And so, you find areas around the sales page where your customer is likely to object and go about defusing those objections with “objection-based testimonials”. Kinda like finding a mine, and defusing it one at a time.

The “experience-based testimonial” is like blowing up the whole mine field together

Your customer’s objections will have been defused, but they’re still unsure. They wonder about this and wonder about that. And that’s when you have to bring the entire “experience-based testimonial” onto the page.

This can be done with text, audio or even video. And in that “experience-based testimonial” the client covers a ton of things that make the testimonial rich, just like an experience would be.

This “experience-based testimonial” can be placed anywhere on the sales page, because really, there’s no rule. On some pages you want to wait until after you’ve defused at least a couple of the biggest objections with the “objection-based testimonial”. On some pages you may go right in with the “experience-based testimonial” from the very start.

And the “experience-based testimonial” doesn’t have to stop on the sales page

An even better place to drive home the impact of the “experience-based testimonial” is to format the testimonials in a PDF and let your client download the PDF.

If formatted even marginally well, your client will read, skim, read, skim, but get the idea of how impactful your product or service really is—and then be far more persuaded to buy from you and no one else.

But is it critical to have both types of testimonials on a page?

It is indeed critical to have the “objection-based testimonial” on a sales page. The “experience-based testimonial” on the other hand is very important, but if you had just a choice of one, I’d go for the “objection-based testimonial” because it’s specific and in most cases, will do the job extremely effectively.

Ok ready to go? Let’s summarise…

1) The “objection-based testimonial” is specific. It tackles the main objections of the prospect and is critical on a sales page.

2) The “experience-based testimonial” is more far-reaching and very powerful. However, if you don’t have an “experience-based testimonial” don’t go crazy yet. In time you can get these detailed testimonials and they will make a better case for your product or service.

So make sure you get your testimonials in the right place

And keep that hammer for hitting nails.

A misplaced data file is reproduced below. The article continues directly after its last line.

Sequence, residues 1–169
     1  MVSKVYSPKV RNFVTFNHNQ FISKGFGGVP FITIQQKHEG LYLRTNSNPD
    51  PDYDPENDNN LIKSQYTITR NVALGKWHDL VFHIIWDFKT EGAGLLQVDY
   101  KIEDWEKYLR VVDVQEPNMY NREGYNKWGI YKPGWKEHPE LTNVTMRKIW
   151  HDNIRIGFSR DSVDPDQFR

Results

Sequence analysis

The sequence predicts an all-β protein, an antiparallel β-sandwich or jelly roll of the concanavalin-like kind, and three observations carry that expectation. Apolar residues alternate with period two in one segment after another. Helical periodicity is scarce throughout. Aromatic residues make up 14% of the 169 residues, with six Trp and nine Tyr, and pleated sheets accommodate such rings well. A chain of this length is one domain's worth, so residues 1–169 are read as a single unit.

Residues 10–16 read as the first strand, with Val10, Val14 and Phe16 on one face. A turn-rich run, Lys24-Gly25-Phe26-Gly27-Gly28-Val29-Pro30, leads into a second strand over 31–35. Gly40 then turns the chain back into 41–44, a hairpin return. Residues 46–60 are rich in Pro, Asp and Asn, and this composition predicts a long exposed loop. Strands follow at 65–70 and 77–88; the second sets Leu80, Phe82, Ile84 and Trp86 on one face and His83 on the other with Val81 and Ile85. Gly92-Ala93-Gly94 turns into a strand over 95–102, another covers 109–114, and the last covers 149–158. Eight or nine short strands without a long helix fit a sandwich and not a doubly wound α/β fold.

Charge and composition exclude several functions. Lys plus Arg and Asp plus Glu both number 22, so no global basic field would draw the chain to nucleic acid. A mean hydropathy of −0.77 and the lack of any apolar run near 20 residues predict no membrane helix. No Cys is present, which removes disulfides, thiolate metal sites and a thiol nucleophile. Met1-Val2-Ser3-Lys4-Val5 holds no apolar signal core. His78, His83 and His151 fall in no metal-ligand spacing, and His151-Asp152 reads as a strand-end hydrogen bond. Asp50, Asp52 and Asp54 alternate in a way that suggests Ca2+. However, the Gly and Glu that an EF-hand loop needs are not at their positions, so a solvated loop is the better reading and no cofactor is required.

No use trying to open a tomato can with it, is it?


This is a “objection-based testimonial” example
The big objection here was that people felt they were already speaking and may not need this book. This objection needed to be tackled as not many people tend to speak often. Well, not many small business owners, anyway. The ones that do would have read many presentation books before. To distinguish our method from the rest, we needed to do a spot-objection.

See the objections on the right hand column

Here are some “experience-based testimonial” examples
On video for the Cartooning Course:

The “experience-based testimonial” is located all over the page as you scroll:

And in PDF for the Article Writing Course:

Top Selling Products Under $50

1) Testimonial Secrets: Powerful Techniques to Get Better Clients-And Sales
2) Story Telling Series: How to suck your audience right in, in a matter of seconds
3) Sales Pages: How To Write Benefits and Bullets That Speed Up Sales
4) Article Writing: How To Speed Up Article Writing With Simple Outlines
5) Visual Basics: How Visuals Help Increase Sales Conversion On Your Website
6) Design Clarity: How to put sanity into your design with some really simple tweaks
7) Chaos Planning: How ‘Irregular’ Folks Get Things Done

1) Black Belt Presentation Series: How to completely control the room—without turning anyone off?
2) New! Online Membership Sites: How To Build A Powerful, Community-Driven Membership Website



The Science of Undervaluing Yourself (And How To Overcome It)

The Science of Undervaluing Yourself (And How To Overcome It)

Do we charge less?

Do we value ourselves less than we should?

Do you think that sometime in the future, there will be this perfect product at the perfect price, and the perfect client will come along?

I used to have a client who had exacttttttly the same problem

And I can categorically tell you that everyone without exception has the same problem. Some have it almost perpetually. Some less so. But everyone has it. When we started out I’d do consulting. I’d spend hours with someone, even give a money back guarantee (some one actually took their money back after 8 hours of consulting). And even our products/courses were terribly under-priced.

I actually had a client say to me: You should charge more!

And I was terrified of increasing the prices

Who would pay that much? And yet, I went from $1,500 to $3000, $3000 to $6000. $6000 to $10,000. And there were still takers. Our consulting went from $75 to $550 or thereabouts (per hour). Still takers. You may say: People know you, Sean. You already have a reputation.

But you’d be beating around the bush. I could still be charging —or rather undercharging.

Remember that client I was talking about before—the one who undervalues himself?

He’s well known now, after a rather torrid start for about 10-12 years. Even today he’s increased his income and prices only marginally.He gets clients that can’t pay. He still discounts. He still keeps his fees as low as possible. He believes that clients can’t pay. And he’s right.

I know this because of one of my earliest clients. She was huffing and puffing to pay my 10-part, low fee. Then one day she missed a consulting class. Why? Because she had to buy a car: Only $30,000.

I’ve had clients who’ve not had $250 to spend, then gone on vacation and blown up $2500